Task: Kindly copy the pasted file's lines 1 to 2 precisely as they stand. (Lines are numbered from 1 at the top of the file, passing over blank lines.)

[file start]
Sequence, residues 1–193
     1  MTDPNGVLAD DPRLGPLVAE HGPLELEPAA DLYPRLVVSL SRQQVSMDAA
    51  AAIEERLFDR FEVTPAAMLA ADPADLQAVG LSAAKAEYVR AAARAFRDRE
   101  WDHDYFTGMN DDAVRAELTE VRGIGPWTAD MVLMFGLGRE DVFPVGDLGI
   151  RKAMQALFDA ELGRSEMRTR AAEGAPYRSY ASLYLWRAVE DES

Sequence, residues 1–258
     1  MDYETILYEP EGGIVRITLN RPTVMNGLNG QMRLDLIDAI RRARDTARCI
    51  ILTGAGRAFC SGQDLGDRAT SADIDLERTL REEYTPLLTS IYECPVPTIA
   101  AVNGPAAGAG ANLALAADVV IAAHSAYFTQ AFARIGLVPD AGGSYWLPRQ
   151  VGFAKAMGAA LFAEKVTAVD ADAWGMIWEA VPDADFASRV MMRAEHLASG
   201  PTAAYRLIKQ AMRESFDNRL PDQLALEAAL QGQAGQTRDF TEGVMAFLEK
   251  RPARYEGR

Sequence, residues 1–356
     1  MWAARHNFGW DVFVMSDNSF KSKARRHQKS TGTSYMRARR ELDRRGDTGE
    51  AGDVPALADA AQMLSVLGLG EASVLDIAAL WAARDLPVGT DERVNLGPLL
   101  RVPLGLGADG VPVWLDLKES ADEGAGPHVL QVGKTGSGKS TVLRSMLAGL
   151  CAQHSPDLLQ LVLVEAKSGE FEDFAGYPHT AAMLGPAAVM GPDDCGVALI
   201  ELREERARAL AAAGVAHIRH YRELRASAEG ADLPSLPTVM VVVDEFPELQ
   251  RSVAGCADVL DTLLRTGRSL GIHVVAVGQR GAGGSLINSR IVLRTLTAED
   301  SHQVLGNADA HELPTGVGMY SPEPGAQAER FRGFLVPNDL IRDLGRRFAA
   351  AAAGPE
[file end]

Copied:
Sequence, residues 1–193
     1  MTDPNGVLAD DPRLGPLVAE HGPLELEPAA DLYPRLVVSL SRQQVSMDAA